I Am Not The Enemy! I Am Your Advocate!: Why You Shouldn’t Fear A Quality Audit

Home / I Am Not The Enemy! I Am Your Advocate!: Why You Shouldn’t Fear A Quality Audit

I Am Not The Enemy! I Am Your Advocate!: Why You Shouldn’t Fear A Quality Audit

I guarantee no one is thrilled to see a calendar invite from me. Why? Chances are I’m asking them to join me in a quality audit review. These meetings aren’t usually anyone’s favorite. But don’t RSVP your excuses just yet! When the following three keys to a successful quality program are in place, the quality auditor has a great opportunity to build a bridge of confidence between the project execution ideal and the reality of everyday project pressures.

Key #1: Management Support: Simply reporting to an independent someone who has no ties to engineering or sales isn’t ideal. You need an executive sponsor with a passion for quality and confidence in the quality assurance process. It’s important for engineers to consider the auditor an advocate who can influence and impact change when the root cause is a broken process itself.
 
Key #2: Auditor Credibility: The most effective quality auditors have project experience. In my case, I’ve been a project manager and MES developer in the past, and have lived the challenges associated with project execution. To mentor and offer credible solutions, the quality assurance auditor must understand the pressure the project team is under to manage scope, budget and customer satisfaction. Successful auditors are also able to recognize the difference between an execution problem and a problem within the execution process itself.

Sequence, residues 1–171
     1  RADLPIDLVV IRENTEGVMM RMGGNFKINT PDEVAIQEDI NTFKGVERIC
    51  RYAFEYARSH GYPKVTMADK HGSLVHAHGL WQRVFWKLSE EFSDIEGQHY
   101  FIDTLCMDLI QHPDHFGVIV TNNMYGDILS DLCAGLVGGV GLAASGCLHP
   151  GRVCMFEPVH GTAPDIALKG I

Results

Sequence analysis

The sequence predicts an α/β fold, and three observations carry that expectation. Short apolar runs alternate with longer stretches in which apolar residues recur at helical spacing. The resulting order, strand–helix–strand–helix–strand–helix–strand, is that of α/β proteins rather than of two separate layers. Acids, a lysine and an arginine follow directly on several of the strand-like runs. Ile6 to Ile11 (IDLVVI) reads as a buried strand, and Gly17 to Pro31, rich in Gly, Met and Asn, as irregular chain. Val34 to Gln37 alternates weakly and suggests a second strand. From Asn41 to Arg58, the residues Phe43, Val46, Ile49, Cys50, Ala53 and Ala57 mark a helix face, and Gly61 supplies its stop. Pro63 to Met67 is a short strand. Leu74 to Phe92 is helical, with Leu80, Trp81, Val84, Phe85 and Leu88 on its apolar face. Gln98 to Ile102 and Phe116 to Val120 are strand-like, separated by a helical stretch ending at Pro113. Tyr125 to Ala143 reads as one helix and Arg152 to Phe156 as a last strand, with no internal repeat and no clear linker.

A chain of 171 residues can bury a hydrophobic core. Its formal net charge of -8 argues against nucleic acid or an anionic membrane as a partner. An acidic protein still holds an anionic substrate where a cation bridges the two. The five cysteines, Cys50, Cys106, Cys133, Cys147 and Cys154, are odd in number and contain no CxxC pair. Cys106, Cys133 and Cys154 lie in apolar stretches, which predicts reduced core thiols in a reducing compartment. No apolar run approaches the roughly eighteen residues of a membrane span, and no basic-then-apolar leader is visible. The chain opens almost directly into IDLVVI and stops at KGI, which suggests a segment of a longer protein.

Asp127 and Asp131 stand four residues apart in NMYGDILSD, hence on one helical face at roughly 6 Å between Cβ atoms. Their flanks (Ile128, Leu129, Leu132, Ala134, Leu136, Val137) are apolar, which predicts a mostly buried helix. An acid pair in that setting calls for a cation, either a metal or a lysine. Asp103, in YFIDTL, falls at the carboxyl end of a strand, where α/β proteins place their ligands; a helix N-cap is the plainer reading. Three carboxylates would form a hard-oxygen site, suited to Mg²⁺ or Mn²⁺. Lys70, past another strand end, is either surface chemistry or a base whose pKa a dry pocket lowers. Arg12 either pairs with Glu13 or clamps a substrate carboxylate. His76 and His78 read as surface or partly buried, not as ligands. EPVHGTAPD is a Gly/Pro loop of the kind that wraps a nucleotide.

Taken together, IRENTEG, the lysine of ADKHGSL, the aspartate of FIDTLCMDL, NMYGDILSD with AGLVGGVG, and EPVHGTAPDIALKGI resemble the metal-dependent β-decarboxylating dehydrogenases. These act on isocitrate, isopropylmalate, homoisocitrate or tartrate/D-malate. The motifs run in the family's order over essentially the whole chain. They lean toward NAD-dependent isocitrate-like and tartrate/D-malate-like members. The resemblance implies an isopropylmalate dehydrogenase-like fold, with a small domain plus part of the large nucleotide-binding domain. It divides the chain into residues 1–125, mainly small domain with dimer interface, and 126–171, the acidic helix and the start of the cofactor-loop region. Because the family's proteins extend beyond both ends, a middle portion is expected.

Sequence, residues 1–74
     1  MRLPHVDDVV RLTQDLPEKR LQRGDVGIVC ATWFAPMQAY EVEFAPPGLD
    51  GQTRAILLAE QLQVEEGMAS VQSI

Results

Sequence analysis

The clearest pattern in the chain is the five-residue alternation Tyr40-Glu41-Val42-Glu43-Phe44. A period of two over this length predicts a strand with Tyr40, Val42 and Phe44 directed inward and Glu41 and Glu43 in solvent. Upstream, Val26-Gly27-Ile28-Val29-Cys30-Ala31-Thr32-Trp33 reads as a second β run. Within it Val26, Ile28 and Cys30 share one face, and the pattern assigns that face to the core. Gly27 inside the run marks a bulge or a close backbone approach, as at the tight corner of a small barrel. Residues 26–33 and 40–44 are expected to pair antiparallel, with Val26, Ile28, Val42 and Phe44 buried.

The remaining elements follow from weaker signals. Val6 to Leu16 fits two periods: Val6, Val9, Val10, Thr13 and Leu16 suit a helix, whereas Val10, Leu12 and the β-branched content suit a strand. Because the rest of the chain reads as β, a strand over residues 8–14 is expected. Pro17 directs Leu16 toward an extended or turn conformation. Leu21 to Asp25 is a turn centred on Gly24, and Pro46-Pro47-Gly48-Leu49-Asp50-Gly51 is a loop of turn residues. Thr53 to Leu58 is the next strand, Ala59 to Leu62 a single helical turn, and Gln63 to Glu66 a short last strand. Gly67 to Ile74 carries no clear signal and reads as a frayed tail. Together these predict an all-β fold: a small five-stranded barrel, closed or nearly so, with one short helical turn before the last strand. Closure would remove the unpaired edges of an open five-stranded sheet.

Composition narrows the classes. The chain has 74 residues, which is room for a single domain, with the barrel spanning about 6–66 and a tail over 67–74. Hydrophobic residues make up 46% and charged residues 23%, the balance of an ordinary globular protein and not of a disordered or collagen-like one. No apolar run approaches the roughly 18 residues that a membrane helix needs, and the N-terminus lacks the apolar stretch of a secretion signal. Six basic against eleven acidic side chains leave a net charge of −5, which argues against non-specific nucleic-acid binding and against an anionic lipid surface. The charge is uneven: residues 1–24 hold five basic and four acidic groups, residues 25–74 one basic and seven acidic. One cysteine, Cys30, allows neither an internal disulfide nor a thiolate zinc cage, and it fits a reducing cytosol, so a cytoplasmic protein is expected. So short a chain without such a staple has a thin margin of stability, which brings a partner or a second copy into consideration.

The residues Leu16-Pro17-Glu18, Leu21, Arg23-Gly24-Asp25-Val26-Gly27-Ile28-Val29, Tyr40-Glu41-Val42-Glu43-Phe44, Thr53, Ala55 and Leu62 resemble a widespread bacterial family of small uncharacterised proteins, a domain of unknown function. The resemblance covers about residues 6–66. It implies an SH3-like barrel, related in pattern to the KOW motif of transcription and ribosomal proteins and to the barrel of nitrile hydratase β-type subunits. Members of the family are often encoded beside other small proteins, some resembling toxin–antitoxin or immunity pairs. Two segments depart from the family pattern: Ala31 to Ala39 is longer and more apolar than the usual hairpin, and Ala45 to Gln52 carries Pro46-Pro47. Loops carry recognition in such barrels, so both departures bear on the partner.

Key #3: Engineering Commitment to Quality: Is the project team following the letter of the law or the spirit of the law? Everyone on the project should be equally committed to a quality product. The first thing I like to do during an audit review meeting is to remind the team that this is their process. They decided what was important and how they were going to substantiate that they did what they say they did. If it’s important (and it must be because they said it was important), the simple question from the auditor is, “Why didn’t you do it?”

 
If it’s a broken process, they know the auditor can help them fix it. If they have a better way to do something, then we need to document it and introduce it to the rest of the engineering team. Process can be changed, but not unilaterally. We all have to agree that an execution process change is going to result in a better outcome for our customer as well as for us.

 
When management, operations and quality work together, engineering sees more immediate results from a project’s quality audit and they find more value in the execution process. So the next time you see my invitation to that dreaded meeting, consider it a message from a friend instead!

 
 
Image Source: Freepik

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